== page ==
The potato’s story began more than 10,000 years ago on the shores of Lake Titicaca, in present-day Peru. The Incas are believed to have been the first to cultivate potatoes all the way up in the Andes mountain range, at 3,800 metres above sea level.
Wild potato plants already grew around the lake, and communities of Inca farmers began domesticating the potato and learning how to preserve this sturdy veggie.
The Incas discovered that by dehydrating the potatoes into a substance called chuño, they could store it for up to 10 or even 15 years. Peruvian potatoes were versatile too. The Incans boiled, mashed, roasted, fermented in water to create a sticky toqosh, and ground to a pulp and soaked to create almidón de papa (potato starch). Peruvian potatoes soon formed the basis of the Incan diet, sustaining great cities and Incan armies. It became a revered food, as the Incans also used potatoes to treat injuries, predict the weather, and make childbirth easier. The Incans even used the modest potato to measure time, as Incan units of time corresponded with the length of time it took to cook a potato to different consistencies.
It wasn’t until the mid-16th century that potatoes spread beyond the shores of South America. After Spanish Conquistadors ransacked Peru in hopes of finding gold, they instead discovered the potato.
The Spanish were impressed with this root vegetable that was easy to farm in abundance and store for long periods. Packed with vitamin C, the potato also relieved scurvy among the Spanish sailors. Peruvian potatoes quickly became a staple item on Spanish ships and the Conquistadors carried them across the seas to Europe.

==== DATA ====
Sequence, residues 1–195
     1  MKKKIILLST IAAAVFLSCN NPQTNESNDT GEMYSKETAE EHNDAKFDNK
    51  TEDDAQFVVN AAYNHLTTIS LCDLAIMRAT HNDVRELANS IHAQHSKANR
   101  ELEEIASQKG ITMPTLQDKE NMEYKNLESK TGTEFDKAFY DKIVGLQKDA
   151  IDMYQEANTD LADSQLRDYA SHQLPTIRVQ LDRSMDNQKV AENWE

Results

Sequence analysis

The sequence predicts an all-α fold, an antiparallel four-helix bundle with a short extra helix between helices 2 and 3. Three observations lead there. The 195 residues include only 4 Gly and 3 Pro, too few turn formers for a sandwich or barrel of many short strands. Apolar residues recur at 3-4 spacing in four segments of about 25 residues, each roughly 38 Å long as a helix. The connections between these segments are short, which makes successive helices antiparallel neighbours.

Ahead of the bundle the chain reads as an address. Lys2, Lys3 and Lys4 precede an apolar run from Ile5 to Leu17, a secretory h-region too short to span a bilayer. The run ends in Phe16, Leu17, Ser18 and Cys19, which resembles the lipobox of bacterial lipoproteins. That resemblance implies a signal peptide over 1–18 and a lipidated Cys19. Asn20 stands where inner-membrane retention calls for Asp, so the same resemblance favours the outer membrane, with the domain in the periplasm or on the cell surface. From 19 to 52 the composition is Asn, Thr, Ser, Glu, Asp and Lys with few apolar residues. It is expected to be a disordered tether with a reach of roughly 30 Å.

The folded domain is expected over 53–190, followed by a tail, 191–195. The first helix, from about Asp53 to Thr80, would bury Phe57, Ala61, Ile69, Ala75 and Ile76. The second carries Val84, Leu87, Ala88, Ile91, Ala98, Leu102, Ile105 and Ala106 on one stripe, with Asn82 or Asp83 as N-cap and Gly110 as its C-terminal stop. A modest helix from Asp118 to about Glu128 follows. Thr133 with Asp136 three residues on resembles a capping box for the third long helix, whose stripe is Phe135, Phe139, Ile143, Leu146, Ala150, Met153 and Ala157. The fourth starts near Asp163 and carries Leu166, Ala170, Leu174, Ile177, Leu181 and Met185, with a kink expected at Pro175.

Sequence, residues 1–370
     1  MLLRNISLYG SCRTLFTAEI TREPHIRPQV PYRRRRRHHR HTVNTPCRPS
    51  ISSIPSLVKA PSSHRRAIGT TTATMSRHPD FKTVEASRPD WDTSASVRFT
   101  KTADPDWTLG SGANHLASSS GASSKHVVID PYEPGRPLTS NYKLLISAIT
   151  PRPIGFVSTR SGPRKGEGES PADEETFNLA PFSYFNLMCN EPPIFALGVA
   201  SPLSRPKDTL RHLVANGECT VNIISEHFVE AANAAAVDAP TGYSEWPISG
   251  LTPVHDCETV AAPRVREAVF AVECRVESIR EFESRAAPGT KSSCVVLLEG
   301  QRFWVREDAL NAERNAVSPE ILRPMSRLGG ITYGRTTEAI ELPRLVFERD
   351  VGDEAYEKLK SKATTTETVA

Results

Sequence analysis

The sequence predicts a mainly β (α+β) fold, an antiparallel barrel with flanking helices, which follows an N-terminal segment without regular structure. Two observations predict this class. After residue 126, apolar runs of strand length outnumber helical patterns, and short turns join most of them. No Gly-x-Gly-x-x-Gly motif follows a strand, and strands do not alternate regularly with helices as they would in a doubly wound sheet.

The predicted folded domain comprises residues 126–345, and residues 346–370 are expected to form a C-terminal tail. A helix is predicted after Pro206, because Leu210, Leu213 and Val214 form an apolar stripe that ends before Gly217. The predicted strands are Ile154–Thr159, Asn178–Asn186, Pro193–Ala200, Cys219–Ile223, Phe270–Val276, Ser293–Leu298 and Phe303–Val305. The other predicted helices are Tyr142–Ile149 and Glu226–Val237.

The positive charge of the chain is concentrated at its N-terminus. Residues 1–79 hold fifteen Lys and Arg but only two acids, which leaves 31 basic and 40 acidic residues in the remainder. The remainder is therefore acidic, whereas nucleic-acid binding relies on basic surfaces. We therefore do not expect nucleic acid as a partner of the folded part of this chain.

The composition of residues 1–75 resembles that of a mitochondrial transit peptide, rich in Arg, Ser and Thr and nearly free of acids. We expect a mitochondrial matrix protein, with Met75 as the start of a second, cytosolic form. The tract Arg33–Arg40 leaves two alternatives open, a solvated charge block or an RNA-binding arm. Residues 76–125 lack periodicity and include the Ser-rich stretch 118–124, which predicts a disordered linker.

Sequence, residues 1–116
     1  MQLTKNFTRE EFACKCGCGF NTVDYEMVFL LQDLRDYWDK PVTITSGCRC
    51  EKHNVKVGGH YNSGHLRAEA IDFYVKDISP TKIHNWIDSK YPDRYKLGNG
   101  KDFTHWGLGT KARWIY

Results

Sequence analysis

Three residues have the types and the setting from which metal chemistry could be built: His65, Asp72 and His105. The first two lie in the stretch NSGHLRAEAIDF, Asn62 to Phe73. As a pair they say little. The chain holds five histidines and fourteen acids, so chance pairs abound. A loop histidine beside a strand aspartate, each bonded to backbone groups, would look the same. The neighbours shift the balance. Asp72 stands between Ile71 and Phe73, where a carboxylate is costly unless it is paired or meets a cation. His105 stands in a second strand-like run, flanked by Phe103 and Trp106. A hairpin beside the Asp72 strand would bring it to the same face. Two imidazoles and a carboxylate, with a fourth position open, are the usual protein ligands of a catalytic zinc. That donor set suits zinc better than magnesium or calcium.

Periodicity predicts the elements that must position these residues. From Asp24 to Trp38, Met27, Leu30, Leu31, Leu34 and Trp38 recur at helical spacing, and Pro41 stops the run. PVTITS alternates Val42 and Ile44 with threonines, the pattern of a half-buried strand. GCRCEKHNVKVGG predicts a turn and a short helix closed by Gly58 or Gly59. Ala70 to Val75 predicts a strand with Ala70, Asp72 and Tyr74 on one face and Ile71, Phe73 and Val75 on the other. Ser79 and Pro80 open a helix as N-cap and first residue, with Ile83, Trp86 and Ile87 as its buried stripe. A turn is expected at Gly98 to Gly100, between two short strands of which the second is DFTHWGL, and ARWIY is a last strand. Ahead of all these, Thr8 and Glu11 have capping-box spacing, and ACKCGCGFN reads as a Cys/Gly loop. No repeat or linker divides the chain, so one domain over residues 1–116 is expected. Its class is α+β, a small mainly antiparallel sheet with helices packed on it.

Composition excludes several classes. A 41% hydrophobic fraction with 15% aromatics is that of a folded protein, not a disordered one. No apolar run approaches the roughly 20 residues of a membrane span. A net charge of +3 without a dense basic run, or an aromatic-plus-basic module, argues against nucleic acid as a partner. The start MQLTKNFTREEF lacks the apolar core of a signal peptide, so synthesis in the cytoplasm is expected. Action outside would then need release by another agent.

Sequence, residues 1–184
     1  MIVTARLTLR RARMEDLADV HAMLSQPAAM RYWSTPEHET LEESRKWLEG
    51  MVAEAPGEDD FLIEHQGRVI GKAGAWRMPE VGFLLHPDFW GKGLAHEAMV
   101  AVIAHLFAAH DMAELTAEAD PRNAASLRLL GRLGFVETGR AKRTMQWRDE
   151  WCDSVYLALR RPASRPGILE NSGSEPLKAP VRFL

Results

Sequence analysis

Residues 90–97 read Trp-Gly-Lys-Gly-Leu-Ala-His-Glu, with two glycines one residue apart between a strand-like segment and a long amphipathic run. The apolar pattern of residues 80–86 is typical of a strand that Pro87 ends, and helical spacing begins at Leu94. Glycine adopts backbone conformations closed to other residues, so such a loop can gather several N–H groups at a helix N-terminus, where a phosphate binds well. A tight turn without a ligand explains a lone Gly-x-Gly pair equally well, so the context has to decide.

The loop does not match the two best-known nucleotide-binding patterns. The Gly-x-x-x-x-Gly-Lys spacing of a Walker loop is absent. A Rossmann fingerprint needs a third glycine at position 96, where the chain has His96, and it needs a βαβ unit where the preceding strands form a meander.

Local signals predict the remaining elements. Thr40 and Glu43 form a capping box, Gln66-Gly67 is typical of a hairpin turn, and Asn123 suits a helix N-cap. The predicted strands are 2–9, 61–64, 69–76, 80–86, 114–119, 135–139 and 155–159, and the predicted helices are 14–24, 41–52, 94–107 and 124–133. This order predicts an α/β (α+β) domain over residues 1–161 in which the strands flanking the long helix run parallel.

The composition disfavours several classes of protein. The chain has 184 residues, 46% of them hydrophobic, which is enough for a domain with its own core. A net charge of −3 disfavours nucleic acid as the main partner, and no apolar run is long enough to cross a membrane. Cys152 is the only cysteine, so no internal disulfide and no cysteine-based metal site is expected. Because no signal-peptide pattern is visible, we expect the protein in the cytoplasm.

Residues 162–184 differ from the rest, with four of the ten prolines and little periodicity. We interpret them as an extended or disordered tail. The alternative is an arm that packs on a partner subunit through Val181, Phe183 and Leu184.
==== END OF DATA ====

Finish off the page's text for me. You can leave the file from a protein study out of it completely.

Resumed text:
A few decades later, Sir Walter Raleigh, an English explorer, writer, soldier and politician, introduced potatoes to Ireland in 1589, on 40,000 acres of land near Cork. It took many more decades before potatoes became a prominent part of the European diet. It wasn’t until the 1780s that the Irish began farming potatoes in abundance, thanks to their hardiness and nutrition.
Since then, the potato has traveled all over the globe, becoming one of the most important foods in the world. Although it may seem like a simple tuber, the potato has played a great role in human history.
To read more about Inca history, go here:
- Preheat oven to 400°. Mix first 5 ingredients.
- Cut each potato lengthwise into 8 wedges; place in a parchment-lined 15x10x1-in. pan. Spritz with cooking spray; sprinkle with cheese mixture. Bake until tender, about 30 minutes.